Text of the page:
I was to young in understanding what was being told at the moment, that once we left the room my mother had to explain everything to me. The MRI had shown a Left Temporal Lobe Brain Tumour set inside my innocent brain. I was given a choice to get the Left Temporal Lobe Brain Tumour removed, or just leave it where it was. I was also told getting the brain tumour removed would help decrease my Epileptic Seizures, or even maybe stop them. In hearing the results there were positives and negatives.

And that is when my life time of nightmares had become a story where the chapters were never to end. I made the wrong choice, because I believed the words my Neurologist spoke.

The morning of August 29, 2008 I remember being rolled into the Operation Room, they line me up under all the setup and my eyes slowly start closing. Hours later my eyes start opening and I slightly start to see my mother in front of me. My left eye was so affected after the surgery that I could only see out of my right eye. Next thing I noticed was that I felt a Aura Seizure start to attack, and I started to panic. At that pacific moment that was where my first step walking into the door of depression began.

Since that day depression has become a part of me, and it is because of that choice I made. Removing my Left Temporal Brain Tumour was my biggest mistake in life, that day everything was taken away from me. Till this day I have the exact same amount of my Epileptic seizures, and I can only remember up to the date of August 29, 2008. I put my trust into all my Specialists, and what they accomplished was a dramatic fail. I have so much pain knowing I should have left everything the way it was. I was myself before the surgery, but after the surgery I don't know what I have become.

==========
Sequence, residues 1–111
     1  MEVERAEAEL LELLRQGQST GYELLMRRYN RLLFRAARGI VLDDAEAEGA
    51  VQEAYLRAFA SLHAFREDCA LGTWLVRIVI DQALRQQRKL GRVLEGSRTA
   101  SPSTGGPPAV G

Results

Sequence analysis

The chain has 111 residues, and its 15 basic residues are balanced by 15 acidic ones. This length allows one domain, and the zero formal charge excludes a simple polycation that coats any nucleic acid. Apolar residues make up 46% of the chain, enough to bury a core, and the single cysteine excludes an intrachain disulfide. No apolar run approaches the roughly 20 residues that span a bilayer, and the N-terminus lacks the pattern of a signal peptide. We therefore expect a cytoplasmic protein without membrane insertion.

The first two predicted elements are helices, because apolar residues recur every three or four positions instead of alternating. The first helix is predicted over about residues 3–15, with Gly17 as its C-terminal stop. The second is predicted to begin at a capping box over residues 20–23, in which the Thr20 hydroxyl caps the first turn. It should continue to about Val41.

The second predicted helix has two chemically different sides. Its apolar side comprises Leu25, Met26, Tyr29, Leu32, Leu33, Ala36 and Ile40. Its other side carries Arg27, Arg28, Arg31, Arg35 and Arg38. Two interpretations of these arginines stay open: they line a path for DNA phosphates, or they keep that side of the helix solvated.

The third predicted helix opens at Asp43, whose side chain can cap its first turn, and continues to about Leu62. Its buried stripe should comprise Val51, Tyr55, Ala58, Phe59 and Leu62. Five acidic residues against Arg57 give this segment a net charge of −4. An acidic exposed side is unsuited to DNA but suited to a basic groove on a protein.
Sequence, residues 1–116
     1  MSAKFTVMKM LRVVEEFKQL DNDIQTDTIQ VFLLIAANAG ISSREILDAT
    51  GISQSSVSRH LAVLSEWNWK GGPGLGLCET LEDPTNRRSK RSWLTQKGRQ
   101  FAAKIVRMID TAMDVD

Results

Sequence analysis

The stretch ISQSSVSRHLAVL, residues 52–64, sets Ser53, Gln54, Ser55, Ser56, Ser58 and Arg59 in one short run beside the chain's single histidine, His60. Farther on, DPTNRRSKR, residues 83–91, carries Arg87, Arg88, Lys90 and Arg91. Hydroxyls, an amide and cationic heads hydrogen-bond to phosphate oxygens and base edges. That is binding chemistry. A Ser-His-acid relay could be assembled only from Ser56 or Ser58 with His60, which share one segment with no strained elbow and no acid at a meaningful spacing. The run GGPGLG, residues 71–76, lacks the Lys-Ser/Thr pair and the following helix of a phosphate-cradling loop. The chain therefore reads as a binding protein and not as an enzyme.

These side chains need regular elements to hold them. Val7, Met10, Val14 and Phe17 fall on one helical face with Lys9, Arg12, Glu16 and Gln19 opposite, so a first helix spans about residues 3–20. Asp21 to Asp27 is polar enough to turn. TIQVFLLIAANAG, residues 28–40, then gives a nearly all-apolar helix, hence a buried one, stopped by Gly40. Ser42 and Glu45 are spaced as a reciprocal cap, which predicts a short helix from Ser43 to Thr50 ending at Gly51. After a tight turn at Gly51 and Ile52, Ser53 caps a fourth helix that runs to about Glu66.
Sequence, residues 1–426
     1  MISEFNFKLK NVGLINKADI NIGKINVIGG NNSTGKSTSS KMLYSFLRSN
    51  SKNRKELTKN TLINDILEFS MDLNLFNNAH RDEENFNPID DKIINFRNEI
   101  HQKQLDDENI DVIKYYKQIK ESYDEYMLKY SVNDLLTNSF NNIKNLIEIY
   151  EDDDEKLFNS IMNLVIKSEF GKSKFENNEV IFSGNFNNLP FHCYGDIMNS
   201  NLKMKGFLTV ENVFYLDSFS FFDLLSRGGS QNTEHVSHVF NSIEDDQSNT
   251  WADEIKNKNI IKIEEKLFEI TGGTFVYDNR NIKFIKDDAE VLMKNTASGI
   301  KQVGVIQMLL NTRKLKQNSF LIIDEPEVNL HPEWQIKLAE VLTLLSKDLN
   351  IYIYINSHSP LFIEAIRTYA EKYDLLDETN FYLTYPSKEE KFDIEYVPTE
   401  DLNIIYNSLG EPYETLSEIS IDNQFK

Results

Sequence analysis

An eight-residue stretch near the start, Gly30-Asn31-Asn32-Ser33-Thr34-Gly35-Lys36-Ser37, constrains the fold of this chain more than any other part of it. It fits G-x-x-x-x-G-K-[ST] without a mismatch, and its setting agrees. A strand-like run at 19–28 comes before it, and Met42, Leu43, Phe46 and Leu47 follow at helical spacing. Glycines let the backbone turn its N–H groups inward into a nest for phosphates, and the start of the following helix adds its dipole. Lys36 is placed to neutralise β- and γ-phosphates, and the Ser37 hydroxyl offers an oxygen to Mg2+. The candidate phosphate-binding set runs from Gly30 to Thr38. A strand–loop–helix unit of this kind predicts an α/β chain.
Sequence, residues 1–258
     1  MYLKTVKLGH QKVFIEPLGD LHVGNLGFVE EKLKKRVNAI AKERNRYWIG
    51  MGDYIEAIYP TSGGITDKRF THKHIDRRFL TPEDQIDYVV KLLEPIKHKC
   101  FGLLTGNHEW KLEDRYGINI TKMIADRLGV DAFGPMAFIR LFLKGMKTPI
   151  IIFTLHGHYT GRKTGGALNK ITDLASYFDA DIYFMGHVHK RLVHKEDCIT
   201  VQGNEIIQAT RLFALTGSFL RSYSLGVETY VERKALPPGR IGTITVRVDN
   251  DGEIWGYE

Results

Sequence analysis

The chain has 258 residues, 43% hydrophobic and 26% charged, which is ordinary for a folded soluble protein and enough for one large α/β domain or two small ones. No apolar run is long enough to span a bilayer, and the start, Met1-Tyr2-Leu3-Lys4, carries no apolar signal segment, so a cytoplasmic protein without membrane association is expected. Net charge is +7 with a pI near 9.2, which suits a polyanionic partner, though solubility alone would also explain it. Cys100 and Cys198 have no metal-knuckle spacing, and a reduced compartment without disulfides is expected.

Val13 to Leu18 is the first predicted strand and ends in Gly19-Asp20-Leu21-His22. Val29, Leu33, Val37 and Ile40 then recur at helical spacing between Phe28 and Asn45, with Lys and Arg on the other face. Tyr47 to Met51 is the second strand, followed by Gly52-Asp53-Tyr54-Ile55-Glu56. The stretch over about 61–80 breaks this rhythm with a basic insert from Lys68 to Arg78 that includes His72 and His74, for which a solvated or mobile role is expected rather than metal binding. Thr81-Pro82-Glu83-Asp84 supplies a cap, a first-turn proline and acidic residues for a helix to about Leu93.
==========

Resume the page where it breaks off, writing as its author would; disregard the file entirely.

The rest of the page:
I made the choice to have the surgery, and it made things worse. I am now afraid of myself, and everything around me.

With depression being added on, it is hard making it to the next day. I fear my Epileptic Seizures more now than ever before, to me I feel every day I only have that one chance in making to the next day. I fear being alone every day not knowing if a Tonic Clonic seizure will attack, even when I just feel my Aura seizure attack the fear inside me grows. Since the surgery life has become fear, I can't even remember the last time I felt safe.

Every Epileptic seizure I feel, it just circles back to the date of August 29, 2008. The day of regret.

I have accomplished many things in my life time, but never do I give myself the credit I deserve. Within developing the illness of depression, we come to feel in life that there is nothing left for us on this Earth. Our love of life is taken away, and all we feel we can do is hide from reality. We fight to overcome depression for a reason, we just have to find what that strict reason is.

I admit I do have depression, and since the moment I have spoken the truth I do aim to get help. For the people out there with depression if I can fight depression you can fight it too, and win.

Born and raised in Manitoba, Canada and now residing in Calgary, Alberta. McIntosh recently found her ancestry. Her goal is to pursue a future with writing and hopes to open some closed eyes and minds.

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turbojesus's picture
Yeah some of us have brain tumors. Others have brain trauma from having our head cracked open in car wreck as a child. Or having amputation after hurricane katrina from squalor during our finals which we then had to take. Or destroy your elbow from septic arthritis. When life hands you lemons, you jam down somebody else's throat till their eyes bleed.
onedman's picture
I was born 65 years ago with many birth defects. From the age of 7 to 9, 14 months, my father died, we moved twice and I was the victim of attempted murder. Every waking moment since is spent in depression in one form or another. The greatest help I have experienced was reading the Dalai Lama's book "Destructive Emotions". If you know someone like Carly or myself, please get them the book, read it together with them. There are answers, there is help and hope. It's damn hard work but you can get some relief. I share my story at onedman.org. We can do this together by being open and sharing. There is no shame in being who we are.